This invention is generally used in a block-based image encoder, such as an MPEG encoder, where the masked array is applied to an embedded decoder such that a predicted image is generated therefrom. The predicted image is compared to the input image to produce a residual image that is watermarked in the manner described above. By having the watermark mask operate within the loop that generates the predicted image, the closed loop encoding will, in essence, compensate for the image distortion that is added to the image by zeroing some of the DCT coefficients. However, since the zeroed coefficients are generally the high frequency coefficients, the distortion is minimal. Depending upon the magnitude of the watermark values and their placement into the DCT array, the watermark can selectively be visible or invisible.
This manner of watermarking an image enables a rather simple technique to be used to remove a visible watermark from the image within an authorized decoder. The authorized decoder must contain a reference watermark that matches the image watermark. If the watermark is generated using a pseudorandom code, the seed to the code can be transmitted within user data in the bitstream. As such, the watermark reference can be produced by the decoder from the seed. Consequently, decoders can selectively be authorized to decode certain image sequences and remove the watermark.
More specifically, a decoder for the bitstream containing the watermark comprises an input processor, a watermark remover/comparator, and a conventional block-based decoder. The input processor processes the input bitstream to extract the header information, the motion vectors, and the arrays (blocks) of DCT coefficients containing the watermark values. Each block, on a block-by-block basis, is coupled to a watermark remover/comparator. The watermark remover/comparator extracts the watermark values and compares them to a reference watermark. If the extracted values match the reference, an authentication signal is generated and the watermark remover/comparator then zeroes the coefficients in the block that contain the watermark values. The block is then decoded in a conventional manner to produce the reconstructed images. However, if the extracted watermark values do not match the reference, the watermark values remain in the block of DCT coefficients and the reconstructed images will be distorted by the visible watermark.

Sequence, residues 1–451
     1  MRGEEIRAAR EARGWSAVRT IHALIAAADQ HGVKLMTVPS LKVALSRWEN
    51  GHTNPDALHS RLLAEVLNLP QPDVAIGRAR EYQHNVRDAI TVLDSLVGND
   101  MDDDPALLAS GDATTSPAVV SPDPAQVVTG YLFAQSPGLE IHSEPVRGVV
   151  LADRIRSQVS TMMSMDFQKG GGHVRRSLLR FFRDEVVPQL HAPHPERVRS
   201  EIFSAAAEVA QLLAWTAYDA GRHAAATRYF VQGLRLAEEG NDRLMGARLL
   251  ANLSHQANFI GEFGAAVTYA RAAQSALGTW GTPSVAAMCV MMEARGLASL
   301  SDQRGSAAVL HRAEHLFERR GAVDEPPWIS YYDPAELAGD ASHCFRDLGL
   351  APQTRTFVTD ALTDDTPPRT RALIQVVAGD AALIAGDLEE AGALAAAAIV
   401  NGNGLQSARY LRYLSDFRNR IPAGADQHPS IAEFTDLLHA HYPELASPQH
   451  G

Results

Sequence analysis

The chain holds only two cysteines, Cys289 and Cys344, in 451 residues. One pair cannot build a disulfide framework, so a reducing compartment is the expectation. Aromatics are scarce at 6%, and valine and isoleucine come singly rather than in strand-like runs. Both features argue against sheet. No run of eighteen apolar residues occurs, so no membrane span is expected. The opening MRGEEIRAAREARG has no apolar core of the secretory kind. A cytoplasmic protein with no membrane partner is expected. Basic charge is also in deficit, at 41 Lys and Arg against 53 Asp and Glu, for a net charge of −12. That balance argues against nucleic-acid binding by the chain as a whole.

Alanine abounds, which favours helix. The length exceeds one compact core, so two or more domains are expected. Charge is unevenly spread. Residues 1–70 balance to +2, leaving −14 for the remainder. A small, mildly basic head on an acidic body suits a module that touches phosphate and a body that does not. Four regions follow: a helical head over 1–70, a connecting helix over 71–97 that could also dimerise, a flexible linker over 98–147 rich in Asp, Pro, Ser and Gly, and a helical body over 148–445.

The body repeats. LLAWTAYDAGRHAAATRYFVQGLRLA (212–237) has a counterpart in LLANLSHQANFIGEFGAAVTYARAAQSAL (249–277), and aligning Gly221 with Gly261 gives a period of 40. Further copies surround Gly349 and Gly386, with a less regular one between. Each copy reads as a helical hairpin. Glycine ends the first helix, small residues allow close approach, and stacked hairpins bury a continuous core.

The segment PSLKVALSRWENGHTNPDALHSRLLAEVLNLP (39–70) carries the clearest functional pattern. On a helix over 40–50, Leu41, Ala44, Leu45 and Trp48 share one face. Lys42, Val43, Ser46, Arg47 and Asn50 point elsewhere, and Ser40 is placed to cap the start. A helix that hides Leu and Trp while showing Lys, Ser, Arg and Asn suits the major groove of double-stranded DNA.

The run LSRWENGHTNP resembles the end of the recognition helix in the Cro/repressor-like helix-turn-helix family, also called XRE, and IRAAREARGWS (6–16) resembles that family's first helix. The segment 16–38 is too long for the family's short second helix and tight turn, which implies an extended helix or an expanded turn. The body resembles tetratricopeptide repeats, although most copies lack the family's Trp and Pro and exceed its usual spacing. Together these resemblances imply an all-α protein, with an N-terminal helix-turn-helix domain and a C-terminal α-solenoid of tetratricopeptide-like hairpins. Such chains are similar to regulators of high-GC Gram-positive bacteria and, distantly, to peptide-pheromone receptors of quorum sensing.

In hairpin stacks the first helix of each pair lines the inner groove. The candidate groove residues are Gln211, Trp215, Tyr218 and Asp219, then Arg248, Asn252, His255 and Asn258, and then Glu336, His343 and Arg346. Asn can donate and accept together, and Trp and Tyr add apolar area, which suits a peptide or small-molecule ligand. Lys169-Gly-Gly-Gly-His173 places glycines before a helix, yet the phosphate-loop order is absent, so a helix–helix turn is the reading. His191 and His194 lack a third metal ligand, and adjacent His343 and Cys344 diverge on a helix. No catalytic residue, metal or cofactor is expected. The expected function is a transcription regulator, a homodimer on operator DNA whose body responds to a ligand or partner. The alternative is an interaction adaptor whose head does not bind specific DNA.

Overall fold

The teachings of the present invention can be readily understood by considering the following detailed description in conjunction with the accompanying drawings, in which:
FIG. 1 depicts a block diagram of a block-based video encoder containing digital watermarking apparatus of the present invention;
FIG. 2 depicts a flow diagram of a watermarking routine in accordance with the present invention;
FIG. 3 depicts an illustrative block of quantized DCT coefficients;
FIG. 4 depicts the block of FIG. 2 with a watermark mask applied thereto;
FIG. 5 depicts the block of FIG. 3 having the "masked" DCT coefficients replaced with watermark coefficients; and
FIG. 6 depicts a block-based video decoder containing a watermark removing apparatus of the present invention.
To facilitate understanding, identical reference numerals have been used, where possible, to designate identical elements that are common to the figures.
FIG. 1 depicts a block-based video encoder 100 containing a watermark processor 102. The block-based encoder 100 is illustratively an encoder that satisfies the Moving Pictures Experts Group (MPEG) standards for such encoders of video image sequences, i.e., the encoder is generally referred to as an MPEG encoder. However, the inventive watermarking apparatus should be understood as being applicable to any image or image sequence encoding process that uses DCT coefficients to facilitate the encoding process, e.g., JPEG, H.261, MPEG-1, MPEG-2, and the like.
More specifically, the illustrative MPEG encoder 100 comprises conventional components such as a subtractor 104, a intra-inter switch 106, a DCT unit 108, a quantizer 110, output processor 112, and intra-inter decider 114 and an embedded decoder 116. As is well known, an MPEG encoder operates upon an image frame taken from a sequence of video images. The frame is divided into a plurality of "blocks" that conventionally contain a 16×16 group of pixels. In what is known as a 4:2:0 sampling structure, this block of pixels is processed to form a block of luminance information (e.g., four 8×8 blocks of luminance pixels) and the 16×16 block is subsampled to form two 8×8 blocks of pixels containing chrominance information. The combination of these six blocks of pixel information is known as a "macroblock". However, to maintain generality, the present invention is discussed as processing a target image that should be construed as an array of pixels of any size or shape.